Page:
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USA Bobsled and Skeleton

Cunningham top American in Winterberg's four-man bobsled World Cup

Jan. 04, 2014, 7:34 a.m. (ET)

Contact: Amanda Bird, USBSF Marketing & Communications Director
(518) 354-2250, abird@usbsf.com

Cunningham top American in Winterberg’s four-man bobsled World Cup, Holcomb crashes and finishes 20th


WINTERBERG, Germany (Jan. 4, 2014)- Steven Holcomb (Park City, Utah), Curt Tomasevicz (Shelby, Neb.), Steve Langton (Melrose, Mass.) and Chris Fogt (Alpine, Utah) fell victim to corner nine as they pushed their sled to its limit in Winterberg, Germany’s four-man bobsled World Cup race today. USA-1 was in silver medal position after the first heat and the crew was chasing gold in the final run when the sled flipped out of corner nine, which has tricked many pilots this week.

“Corner nine has always been an interesting corner because there’s not a lot of variance in finding the right line,” said Brian Shimer, U.S. bobsled head coach and Olympic medalist. “You have to be on the right line or you’ll go over, and finding that spot is tough when you’ve only had two training runs in four-man.”

Nick Cunningham (Monterey, Calif.), Justin Olsen (San Antonio, Texas), Johnny Quinn (McKinney, Texas) and Dallas Robinson (Georgetown, Ky.) teamed together in the Century 21 sled, which is the original Night Train that was driven by Holcomb to Olympic victory in 2010, for 12th with a total time of 1:50.84. The crew posted impressive starts of 5.08 and 5.06 seconds for runs of 55.35 and 55.49 seconds, respectively, to lead the U.S. team.

USA-1 powered the Night Train2 to a blistering start time of 5.03 seconds, and Holcomb navigated the team to the finish in 54.98 seconds for second position. German Maximilian Arndt was 0.12 seconds ahead of the field on his home track, and Holcomb, who’s only won one Winterberg race in his career, knew he needed to push the limits if he wanted to catch Arndt. 

The crew matched the first run start time of 5.03 in the final heat, and Holcomb had the sled chugging down the course with speeds that would keep the team in medal range. A slight mistake in corner nine was enough to flip the sled at the exit. The Night Train2 was back on its runners a few corners later, and the crew crossed the finish line with a total time of 1:52.32 for 20th.

“It’s all about character now,” Shimer said. “Life unfortunately gives you ups and downs, and the higher you go, the steeper you fall. We’ve all been through it, and we were prepared for the low. These guys are determined, probably the most motivated they’ve ever been, and whatever happens we keep looking ahead with the big picture in mind.”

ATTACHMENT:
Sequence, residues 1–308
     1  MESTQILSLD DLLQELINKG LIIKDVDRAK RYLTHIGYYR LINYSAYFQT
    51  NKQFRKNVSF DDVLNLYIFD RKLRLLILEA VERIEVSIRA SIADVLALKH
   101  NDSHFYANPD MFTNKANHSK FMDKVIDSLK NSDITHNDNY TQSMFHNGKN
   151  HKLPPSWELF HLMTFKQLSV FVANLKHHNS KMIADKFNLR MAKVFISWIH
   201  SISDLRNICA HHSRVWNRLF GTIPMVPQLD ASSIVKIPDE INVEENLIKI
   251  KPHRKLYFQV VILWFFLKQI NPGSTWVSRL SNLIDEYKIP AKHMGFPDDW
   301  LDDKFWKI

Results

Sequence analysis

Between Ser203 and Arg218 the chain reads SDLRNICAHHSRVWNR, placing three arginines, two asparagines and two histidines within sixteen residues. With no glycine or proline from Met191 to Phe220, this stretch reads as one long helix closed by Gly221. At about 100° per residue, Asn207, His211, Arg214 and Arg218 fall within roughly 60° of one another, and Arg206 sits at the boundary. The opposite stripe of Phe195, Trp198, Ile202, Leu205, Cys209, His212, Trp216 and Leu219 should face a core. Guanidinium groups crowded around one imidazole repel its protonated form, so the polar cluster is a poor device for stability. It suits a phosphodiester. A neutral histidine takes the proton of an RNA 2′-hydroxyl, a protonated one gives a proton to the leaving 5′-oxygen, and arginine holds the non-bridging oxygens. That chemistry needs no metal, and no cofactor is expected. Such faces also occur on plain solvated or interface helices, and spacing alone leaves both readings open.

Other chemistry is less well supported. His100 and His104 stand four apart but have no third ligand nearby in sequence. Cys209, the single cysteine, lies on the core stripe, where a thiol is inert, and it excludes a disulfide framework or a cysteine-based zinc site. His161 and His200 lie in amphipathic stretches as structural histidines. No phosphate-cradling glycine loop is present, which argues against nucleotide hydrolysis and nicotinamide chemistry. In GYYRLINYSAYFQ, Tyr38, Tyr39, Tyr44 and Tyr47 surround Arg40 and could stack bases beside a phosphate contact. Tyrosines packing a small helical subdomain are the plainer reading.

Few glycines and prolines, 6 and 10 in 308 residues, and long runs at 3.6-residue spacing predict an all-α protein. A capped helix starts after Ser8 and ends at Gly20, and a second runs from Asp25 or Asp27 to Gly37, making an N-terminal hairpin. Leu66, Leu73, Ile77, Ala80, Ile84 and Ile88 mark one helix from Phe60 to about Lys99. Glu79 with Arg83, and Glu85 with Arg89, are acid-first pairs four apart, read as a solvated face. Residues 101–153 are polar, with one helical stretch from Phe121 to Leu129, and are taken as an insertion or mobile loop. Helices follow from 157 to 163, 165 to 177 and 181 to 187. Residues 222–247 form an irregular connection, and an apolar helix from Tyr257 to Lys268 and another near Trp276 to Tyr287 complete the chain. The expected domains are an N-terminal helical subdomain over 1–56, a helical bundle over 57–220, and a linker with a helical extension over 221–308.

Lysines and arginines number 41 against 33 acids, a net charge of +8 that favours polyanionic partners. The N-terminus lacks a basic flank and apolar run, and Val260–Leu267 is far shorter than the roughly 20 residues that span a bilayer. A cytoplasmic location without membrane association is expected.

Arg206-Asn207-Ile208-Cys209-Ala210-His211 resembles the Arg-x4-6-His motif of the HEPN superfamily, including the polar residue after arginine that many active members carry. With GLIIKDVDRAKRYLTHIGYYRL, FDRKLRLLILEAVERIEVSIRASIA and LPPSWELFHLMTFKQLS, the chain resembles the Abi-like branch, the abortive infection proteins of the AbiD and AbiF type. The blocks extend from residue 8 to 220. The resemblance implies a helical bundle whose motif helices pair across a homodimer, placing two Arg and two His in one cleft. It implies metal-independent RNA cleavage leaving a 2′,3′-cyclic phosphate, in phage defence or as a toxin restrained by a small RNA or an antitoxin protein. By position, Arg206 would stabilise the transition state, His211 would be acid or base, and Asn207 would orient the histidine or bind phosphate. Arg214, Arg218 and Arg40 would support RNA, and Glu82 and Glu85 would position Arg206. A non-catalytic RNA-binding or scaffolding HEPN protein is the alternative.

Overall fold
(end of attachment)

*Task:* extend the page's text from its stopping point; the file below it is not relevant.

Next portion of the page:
Winterberg continues to be a puzzling track for Holcomb, who has a unique ability to drive by feel rather than sight due to a degenerative eye disease he suffered while learning the sport. While driving by feel is advantageous on high-pressure tracks like Whistler in Canada, low-pressure tracks like Winterberg force Holcomb to steer by sight.

Arndt and his crewmembers of Marki Huebenbecker, Alexander Roediger and Martin Putze were victorious with a combined time of 1:49.97. German teammates Francesco Friedrich, Jannis Baecker, Gregor Bermbach and Thorsten Margis claimed silver in 1:50.14. Alexander Zubkov from Russia led his team of Alexey Negodaylo, Dmitry Trunenkov and Aleksei Pushkarev to third with a two-run total of 1:50.17.

Cory Butner (Yucaipa, Calif.) teamed with Chuck Berkeley (Walnut Creek, Calif.), Adam Clark (Owenton, Ky.) and Chris Langton (Melrose, Mass.) for 25th place. Butner’s sled also rolled over out of corner nine in the first heat. The sled was upright a few corners later and crossed the finish line for a time of 57.65 seconds, but it wasn’t enough to qualify for the final heat. Butner and Berkeley were yesterday’s two-man bobsled bronze medalists, and Butner will be back in the hunt for medals tomorrow.

“I can’t think of a better story than coming back tomorrow and having all of our teams do well,” Shimer said. “Everyone has a hiccup in their season, and ours is coming now.”

The men’s bobsledders will be back in four-man sleds tomorrow at 12:30 p.m. following the women’s bobsled competition. Racing continues today with the women’s skeleton World Cup at 1:45 p.m. local time.

Please contact Amanda Bird, USBSF Marketing & Communications Director, at abird@usbsf.com or 518-354-2250 with media inquiries.

Results:

1. Arndt, Huebenbecker, Roediger, and Putze (GER) 1:49.97 (54.86, 55.11); 2. Friedrich, Baecker, Bermbach, and Margis (GER) 1:50.14 (55.05, 55.09); 3. Zubkov, Negodaylo, Trunenkov, and Pushkarev (RUS) 1:50.17 (55.04, 55.13);…12. Cunningham, Olsen, Quinn and Robinson (USA) 1:50.84 (55.35, 55.49);…20. Holcomb, Tomasevicz, S. Langton and Fogt (USA) 1:52.32 (54.98, 57.34);…25. Butner, Berkeley, Clark and C. Langton (USA) (57.65, DNS):

About the U.S. Bobsled and Skeleton Federation
The United States Bobsled and Skeleton Federation, based in Lake Placid, N.Y., is the national governing body for the sports of bobsled and skeleton in the United States. The USBSF would like to thank its sponsors, suppliers and contributors for their support: BMW of North America, Century 21 Real Estate, CEVA Logistics, Under Armour, Kampgrounds of America, Boomerang Carnets, 24 Hour Fitness, KBC Helmets, Eastern European Distribution Company, Azad Watches, Latta USA, Susan G. Komen for the Cure, Autism Speaks, Park City Lodging, Inc., EDAS/Ripxx, UberSense, Tesa Tape and Ferris Mfg. Corp. For more information, please visit the USBSF website at http://bobsled.teamusa.org.

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